Standard Piece of Rock – Check – Chapter 8, Act 1, Strip 12

Ladies and Gentlemen, please allow us to present: the mysterious meteorite! Ta-dah!

Major plot element or mostly McGuffin? Only time will tell. Far too early in the chapter to tell.

And, yeah, this sort of scene tends to contain some of the worst dialogue for the actors that play the ‘scientist’ characters. Even the scriptwriters for the Aest of A-movies struggle to find the right compromise for such a scene: on the one hand you have to push the plot forward fast, on the other hand it’s very much out of character for basically any scientist to pronounce any sort of conclusion at the very start of an examination. That’s just not how science is supposed to work.
The scriptwriters for B-movies don’t struggle quite that hard, naturally. Not because it’s any easier for them…but they simply don’t make that much of an effort, if much of any effort. So scientists in B-movies often jump to the most counter-intuitive of conclusions at the slightest hint of any tiny shred of unrelated evidence, and the poor actors who have to play them are expected to ‘sell’ all of it by imbuing their part with as much gravitas and apparent scientific authority as they can muster.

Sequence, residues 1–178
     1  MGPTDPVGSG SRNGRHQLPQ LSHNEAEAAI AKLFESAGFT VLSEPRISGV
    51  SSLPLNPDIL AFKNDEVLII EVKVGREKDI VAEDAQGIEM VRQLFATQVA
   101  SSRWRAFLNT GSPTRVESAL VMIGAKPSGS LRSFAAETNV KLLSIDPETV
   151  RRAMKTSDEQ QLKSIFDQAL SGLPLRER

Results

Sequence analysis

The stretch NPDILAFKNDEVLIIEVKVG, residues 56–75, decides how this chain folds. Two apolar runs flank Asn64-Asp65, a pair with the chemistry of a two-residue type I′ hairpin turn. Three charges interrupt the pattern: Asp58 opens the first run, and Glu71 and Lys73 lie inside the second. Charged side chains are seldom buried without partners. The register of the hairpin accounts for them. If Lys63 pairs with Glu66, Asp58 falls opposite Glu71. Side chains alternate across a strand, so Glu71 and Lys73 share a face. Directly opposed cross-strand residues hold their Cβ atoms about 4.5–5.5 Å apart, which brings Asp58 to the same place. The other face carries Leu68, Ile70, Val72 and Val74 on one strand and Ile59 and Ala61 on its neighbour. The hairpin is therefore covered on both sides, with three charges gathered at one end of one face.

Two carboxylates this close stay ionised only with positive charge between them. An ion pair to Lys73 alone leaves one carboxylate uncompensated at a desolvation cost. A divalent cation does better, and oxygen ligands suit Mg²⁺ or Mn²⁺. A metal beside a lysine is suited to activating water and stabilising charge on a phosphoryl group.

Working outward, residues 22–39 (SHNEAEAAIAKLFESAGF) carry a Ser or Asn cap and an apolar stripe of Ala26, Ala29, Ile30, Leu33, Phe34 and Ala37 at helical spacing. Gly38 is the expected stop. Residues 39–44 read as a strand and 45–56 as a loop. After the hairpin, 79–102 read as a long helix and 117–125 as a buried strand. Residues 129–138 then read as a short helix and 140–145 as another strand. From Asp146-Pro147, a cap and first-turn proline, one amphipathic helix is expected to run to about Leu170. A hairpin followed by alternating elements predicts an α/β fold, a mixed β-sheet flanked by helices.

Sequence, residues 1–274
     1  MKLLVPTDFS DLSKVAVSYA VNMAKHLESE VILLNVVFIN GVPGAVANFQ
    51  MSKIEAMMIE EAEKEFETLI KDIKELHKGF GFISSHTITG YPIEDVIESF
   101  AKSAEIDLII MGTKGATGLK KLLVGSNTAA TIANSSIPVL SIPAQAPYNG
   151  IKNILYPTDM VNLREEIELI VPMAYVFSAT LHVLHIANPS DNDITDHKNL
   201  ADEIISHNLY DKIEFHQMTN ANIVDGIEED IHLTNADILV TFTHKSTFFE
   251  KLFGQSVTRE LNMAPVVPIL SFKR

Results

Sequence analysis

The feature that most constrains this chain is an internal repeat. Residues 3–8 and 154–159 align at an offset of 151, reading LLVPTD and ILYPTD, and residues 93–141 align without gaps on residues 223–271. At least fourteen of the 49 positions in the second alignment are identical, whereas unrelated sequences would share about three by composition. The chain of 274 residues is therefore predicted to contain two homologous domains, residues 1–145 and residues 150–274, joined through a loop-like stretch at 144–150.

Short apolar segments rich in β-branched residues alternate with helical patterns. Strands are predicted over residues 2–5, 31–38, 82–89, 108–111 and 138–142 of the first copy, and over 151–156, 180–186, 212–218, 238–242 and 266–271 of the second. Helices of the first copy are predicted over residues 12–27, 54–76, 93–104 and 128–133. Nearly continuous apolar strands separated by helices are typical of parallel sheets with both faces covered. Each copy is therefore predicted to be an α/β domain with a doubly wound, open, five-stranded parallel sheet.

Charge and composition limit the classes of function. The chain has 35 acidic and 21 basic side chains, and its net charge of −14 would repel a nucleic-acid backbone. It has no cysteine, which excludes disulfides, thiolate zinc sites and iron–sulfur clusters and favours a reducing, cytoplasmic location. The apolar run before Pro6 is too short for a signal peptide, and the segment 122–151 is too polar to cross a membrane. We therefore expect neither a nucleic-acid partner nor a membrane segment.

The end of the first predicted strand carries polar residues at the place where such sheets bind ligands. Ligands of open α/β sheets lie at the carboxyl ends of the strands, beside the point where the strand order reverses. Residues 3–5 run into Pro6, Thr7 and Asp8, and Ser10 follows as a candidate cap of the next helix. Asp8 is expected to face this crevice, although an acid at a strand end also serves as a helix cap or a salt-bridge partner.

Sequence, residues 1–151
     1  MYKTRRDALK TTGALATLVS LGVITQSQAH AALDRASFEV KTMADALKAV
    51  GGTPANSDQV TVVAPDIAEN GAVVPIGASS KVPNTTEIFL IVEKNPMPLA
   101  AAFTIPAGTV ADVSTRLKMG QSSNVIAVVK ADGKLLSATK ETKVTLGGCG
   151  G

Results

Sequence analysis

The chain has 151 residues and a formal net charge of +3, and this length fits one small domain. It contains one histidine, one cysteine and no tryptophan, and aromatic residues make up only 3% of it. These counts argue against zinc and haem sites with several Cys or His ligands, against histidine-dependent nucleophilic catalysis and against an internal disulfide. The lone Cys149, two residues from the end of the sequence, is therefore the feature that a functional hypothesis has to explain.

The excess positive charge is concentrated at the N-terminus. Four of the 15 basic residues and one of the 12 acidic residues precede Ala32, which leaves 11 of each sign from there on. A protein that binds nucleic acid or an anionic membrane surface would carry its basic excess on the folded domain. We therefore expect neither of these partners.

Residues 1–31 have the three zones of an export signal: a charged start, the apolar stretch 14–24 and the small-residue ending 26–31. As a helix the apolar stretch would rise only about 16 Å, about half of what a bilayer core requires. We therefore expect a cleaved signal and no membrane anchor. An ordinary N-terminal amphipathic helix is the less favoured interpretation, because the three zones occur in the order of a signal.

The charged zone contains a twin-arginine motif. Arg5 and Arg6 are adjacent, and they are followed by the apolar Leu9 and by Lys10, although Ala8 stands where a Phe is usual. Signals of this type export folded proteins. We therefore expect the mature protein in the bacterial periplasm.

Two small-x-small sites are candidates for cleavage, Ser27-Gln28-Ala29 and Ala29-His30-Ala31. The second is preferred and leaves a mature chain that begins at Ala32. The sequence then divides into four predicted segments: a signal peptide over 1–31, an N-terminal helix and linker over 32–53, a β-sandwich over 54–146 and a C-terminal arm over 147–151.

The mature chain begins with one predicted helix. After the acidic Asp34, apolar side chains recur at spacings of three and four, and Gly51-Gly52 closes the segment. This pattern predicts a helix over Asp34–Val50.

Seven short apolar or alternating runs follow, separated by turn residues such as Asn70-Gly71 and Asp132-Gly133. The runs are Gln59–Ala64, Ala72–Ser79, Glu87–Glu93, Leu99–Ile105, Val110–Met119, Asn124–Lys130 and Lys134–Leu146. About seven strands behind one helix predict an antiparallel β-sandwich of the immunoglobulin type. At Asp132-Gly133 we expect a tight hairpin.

It must be really helpful for the actors, in that regard, if they have no sort of scientific background at all – realizing to what sort of nonsense their lines actually amount can’t make anything about it easier. So much for method acting. XD

More on Thursday.

6 Replies to “Standard Piece of Rock – Check – Chapter 8, Act 1, Strip 12”

  1. This is why it helps to have a prop when your an actor scientist. You can be looking VERY intensely at your clipboard as a focus while just reading off your lines in the most scientifically-sounding way possible. Cigarettes/pipes are also another good prop, giving one an excuse to kind of mumble what they are saying but in a very scientifically-sounding tone once again.

    It’s all about that I’m-not-sure-what-it-is-but-I’m-SURE-I’m-not-sure-what-it-is tone that sells it.

    1. Yeah, in acting these are called “pieces of business” – they give an actor something to be busy with when they haven’t anything better to do in a scene, or when they’re trying to distract attention from what they’re doing. And trying to distract attention makes perfect sense when what you’re doing is delivering such poor lines. XD

      A pipe or cigar, however, works that way even outside of acting – by fiddling around with it when speaking, you gain time to formulate your sentences more carefully, and come off smarter as a result.

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